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August 02, 2022

Historical Society set out to make video about ice cream, but went viral for stumbling upon details of murder

The TikTok tells the shocking story about the owner of Wood's Confectionery shooting and killing his daughter in 1839

History Social Media
Woods Confectionery Historical Society of Pennsylvania Street View/Google Maps

In a viral TikTok, the Historical Society of Pennsylvania described that while researching Philly's ice cream history, it came across a gruesome 19th century murder within the family that owned Wood's Confectionery.

What started as a fun social media campaign about Philadelphia's ice cream history, eventually turned into an in-depth look at a tragedy within one 19th century confectionery family.

Throughout July, the Historical Society of Pennsylvania featured pillars of the city's frozen treat past on its Instagram in honor of National Ice Cream Month, but things soon took a turn toward more sinister topics.

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The organization utilized a trending TikTok sound – usually depicting a situation that starts out innocent before going sour – to explain a historical Philadelphia murder discovered through its campaign.

@historicalpa Rip Sarah Anne, we’re uhh,,,we’re so sorry bestie #historytiktok #phillytiktok #makehistoryyours #historicalsociety #philadelphia #history #icecream #icecreamamericandream ♬ original sound - Caelin James

In the now-viral TikTok posted on July 15, the first video is set to calm music and reads, "Me and my boss planning a fun social media campaign about the history of ice cream in Philadelphia." The music quickly changes to something more uneasy, and the text overlaying the second video reads, "Accidentally uncovering a murder related to one of the confectioneries."

Emma Hirt, the Historical Society's co-op student from Drexel University, was the brains behind and face of the video. Hirt helped start the society's TikTok account, and works alongside the communications coordinator to brainstorm ideas. 

The video currently has over 275,000 views and comments begging for more details urged the Historical Society to make a subsequent TikTok detailing the story of Wood's Confectionery murder.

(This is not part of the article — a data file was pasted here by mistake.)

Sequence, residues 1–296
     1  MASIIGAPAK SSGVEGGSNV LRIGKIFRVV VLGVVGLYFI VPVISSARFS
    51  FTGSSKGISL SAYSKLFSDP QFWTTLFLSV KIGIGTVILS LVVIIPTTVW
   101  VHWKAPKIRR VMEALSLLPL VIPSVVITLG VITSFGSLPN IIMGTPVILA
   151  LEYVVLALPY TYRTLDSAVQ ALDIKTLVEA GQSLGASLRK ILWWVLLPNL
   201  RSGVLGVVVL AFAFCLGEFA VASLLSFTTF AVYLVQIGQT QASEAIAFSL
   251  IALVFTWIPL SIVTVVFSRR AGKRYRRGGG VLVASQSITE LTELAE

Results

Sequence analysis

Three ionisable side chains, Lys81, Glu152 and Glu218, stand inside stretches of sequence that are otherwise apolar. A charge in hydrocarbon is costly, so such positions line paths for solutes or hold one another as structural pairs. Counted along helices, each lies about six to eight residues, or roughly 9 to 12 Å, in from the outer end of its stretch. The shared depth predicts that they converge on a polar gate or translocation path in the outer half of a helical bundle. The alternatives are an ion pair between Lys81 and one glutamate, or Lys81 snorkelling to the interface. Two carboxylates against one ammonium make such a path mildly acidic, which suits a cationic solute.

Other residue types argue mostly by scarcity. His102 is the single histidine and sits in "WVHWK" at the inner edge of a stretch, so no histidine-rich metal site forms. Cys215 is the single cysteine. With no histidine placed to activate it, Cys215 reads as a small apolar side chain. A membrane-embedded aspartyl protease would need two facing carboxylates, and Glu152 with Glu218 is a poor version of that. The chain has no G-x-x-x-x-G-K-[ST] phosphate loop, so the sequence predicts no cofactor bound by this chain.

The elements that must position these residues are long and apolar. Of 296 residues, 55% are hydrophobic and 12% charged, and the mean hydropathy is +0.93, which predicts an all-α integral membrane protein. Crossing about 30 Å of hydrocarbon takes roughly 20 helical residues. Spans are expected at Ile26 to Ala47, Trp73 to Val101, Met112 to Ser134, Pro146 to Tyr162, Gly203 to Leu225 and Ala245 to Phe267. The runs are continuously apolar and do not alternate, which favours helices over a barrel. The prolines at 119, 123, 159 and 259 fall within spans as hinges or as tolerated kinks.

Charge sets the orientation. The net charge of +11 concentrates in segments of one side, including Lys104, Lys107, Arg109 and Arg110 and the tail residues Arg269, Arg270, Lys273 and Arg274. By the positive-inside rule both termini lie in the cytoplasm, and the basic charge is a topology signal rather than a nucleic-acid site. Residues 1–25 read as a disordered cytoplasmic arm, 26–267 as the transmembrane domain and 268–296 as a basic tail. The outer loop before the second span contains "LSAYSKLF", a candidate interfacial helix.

@historicalpa Replying to @theythembo6 check out the rest of our history of ice cream in Philadelphia social media campaign! We found some cool stuff :) #historytiktok #phillytiktok #makehistoryyours #philadelphia #history #icecream #historicalsociety #weirdhistory #icecreamamericandream ♬ Suspense, horror, piano and music box - takaya

"We were amazed by the reception that the video received," Selena Bemak, Programs and Communications Coordinator for the Historical Society, said. "I have actually encountered a few people who said the video appeared on their For You Page on TikTok. I am glad the algorithm is positioning HSP to engage with a history-curious audience!"

The story, which was originally detailed on the organization's Instagram, was first uncovered when the inscription on a 1842 watercolor by David Kennedy prompted a closer look into Wood's Confectionery.

Historical Society Woods ConfectioneryProvided image/Historical Society of Pennsylvania

"Woods Confectionary, north side of Chestnut St. below 6th. Miss Wood died here in 1839 and was buried in the Lot of the Leadbeater family in Ronaldsons Cemetery. Sketched by D.J. Kennedy, 1842," the inscription read.

Further research by the Historical Society found that James Wood first opened Wood's Confectionery in 1825 on the corner of Eighth and Arch streets. Two years later, the business was moved into an arcade on Chestnut Street, which was also home to a shoe shop owned by a man named Elias Peake. 

Unbeknownst to Wood, his daughter, Sarah Anne, began a romantic relationship with Peake and the two were secretly married in 1839.

When Wood found out, he closed up the ice cream shop for the day, bought two pistols and confronted Sarah Anne, intimidating her into admitting she married Peake without permission. Full of rage, Wood shot and killed his own daughter, then pled insanity in court and was acquitted. 

The family's confectionery, which Wood's wife ran following the aquittal, never recovered. Peake also died the following year in an almshouse – a charitable house for the poor.

For those interested in the darker side to the history of Philly sweet treats, more information about Wood's Confectionery and the infamous Wood family can be found in the Historical Society's records.

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